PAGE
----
British grocery sales slowed ahead of the anniversary of the first national lockdown, new industry data has shown.
According to the latest figures from Kantar, take-home grocery sales rose by 7.4% over the 12 weeks to 21 March, a marked slowdown on the growth seen in previous months. In the 12 weeks to 21 February, sales rose by 12.5%, jumping by 15.1% in the last four weeks of the period.
In the most recent four-week period, however, sales fell 3.0% year-on-year, with shoppers making 117m fewer trips to supermarkets.
Fraser McKevitt, head of retail and consumer insight at Kantar, said: “The anniversary of the first national lockdown means we begin to compare grocery sales against the record-breaking levels seen in the early days of the pandemic, and growth has perhaps not surprisingly dipped over the past four weeks as a result.
“This time last year, Brits were adjusting to schools and offices closing and making extra trips to the supermarket to fill their cupboards for lockdown.”
Prime minister Boris Johnson announced the first national lockdown on 23 March 2020.
However, grocery spending remains higher than pre-pandemic levels. While sales growth has slowed compared to 2020, it is up 15.6% on the same 12-week period in 2019, with the average household spending an extra £134 on take-home groceries. Kantar attributed the higher spend to the ongoing restrictions on dining out.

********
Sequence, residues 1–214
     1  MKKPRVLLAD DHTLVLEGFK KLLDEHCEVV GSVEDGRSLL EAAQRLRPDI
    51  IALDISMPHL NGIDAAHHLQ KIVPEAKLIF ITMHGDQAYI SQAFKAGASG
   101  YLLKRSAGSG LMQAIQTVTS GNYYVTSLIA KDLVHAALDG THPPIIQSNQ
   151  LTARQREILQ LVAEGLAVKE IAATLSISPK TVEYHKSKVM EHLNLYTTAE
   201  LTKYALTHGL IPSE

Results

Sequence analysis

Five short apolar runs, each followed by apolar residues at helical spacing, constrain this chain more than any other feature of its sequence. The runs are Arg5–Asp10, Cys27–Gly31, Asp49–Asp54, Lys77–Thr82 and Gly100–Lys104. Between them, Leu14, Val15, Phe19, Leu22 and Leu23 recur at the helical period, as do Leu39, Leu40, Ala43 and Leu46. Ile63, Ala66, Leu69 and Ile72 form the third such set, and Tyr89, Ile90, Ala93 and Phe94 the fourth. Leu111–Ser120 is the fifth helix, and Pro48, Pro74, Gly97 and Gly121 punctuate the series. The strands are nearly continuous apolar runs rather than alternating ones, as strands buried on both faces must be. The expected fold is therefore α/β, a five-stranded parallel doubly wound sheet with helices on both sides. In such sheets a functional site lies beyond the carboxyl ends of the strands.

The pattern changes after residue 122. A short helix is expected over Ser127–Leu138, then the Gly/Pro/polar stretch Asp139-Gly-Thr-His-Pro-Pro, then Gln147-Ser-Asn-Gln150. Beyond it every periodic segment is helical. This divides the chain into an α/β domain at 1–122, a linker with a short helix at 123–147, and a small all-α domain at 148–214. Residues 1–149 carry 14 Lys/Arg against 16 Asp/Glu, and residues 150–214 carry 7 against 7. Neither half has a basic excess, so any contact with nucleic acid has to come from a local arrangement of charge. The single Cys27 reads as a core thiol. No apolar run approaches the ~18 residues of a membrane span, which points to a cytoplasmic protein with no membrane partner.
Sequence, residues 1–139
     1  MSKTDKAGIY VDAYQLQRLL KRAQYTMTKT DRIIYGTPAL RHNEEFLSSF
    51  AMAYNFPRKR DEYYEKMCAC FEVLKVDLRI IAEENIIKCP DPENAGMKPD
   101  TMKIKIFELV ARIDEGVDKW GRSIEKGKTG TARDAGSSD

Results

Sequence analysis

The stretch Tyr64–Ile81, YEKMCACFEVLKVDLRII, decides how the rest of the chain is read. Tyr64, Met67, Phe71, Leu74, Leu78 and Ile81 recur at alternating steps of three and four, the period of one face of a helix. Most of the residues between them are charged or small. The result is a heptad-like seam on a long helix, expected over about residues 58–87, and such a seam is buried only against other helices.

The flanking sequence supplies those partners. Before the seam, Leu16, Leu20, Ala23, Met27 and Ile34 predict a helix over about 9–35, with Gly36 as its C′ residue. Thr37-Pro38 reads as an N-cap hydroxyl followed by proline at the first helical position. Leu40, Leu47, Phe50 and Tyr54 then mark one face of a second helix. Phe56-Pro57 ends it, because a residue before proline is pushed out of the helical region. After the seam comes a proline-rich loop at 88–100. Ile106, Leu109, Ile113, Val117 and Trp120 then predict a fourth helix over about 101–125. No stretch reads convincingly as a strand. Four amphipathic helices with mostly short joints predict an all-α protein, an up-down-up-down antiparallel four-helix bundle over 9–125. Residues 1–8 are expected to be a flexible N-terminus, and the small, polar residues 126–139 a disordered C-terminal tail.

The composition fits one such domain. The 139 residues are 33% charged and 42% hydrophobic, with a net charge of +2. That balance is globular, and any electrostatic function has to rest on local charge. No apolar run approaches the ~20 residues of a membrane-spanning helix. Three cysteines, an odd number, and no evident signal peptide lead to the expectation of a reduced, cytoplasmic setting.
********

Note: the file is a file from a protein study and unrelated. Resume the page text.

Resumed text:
With the current lockdown restrictions beginning to be lifted, online shopping levels eased as more people returned to stores. Kantar said that over-65s – most of which are now vaccinated – increased their trips to supermarkets by 6.8%, more than double the national rate.
“The channel’s share of the market dropped back to 14.5% from the record 15.4% in February 2021,” McKevitt noted.
Among individual retailers, Tesco increased sales by 8.5% in the 12 weeks to 21 March, with its market share 0.3 percentage points higher at 27.1%. Asda increased its market share to 15.1% on 7.6% sales growth; Wm Morrison reported sales growth of 8.7%, giving it a market share of 10.1%; while J Sainsbury’s market share held steady at 15.3% after sales rose 7.3%.
Ocado’s sales surged by 33.9%, moving its market share up to 1.9% from 1.5% previously.
Kantar said grocery inflation was 0.9% in the 12-week period, with prices rising the fastest in canned colas, chilled fruit juices and chilled desserts. In contrast, the prices of fresh bacon, vegetables and fresh beef all fell.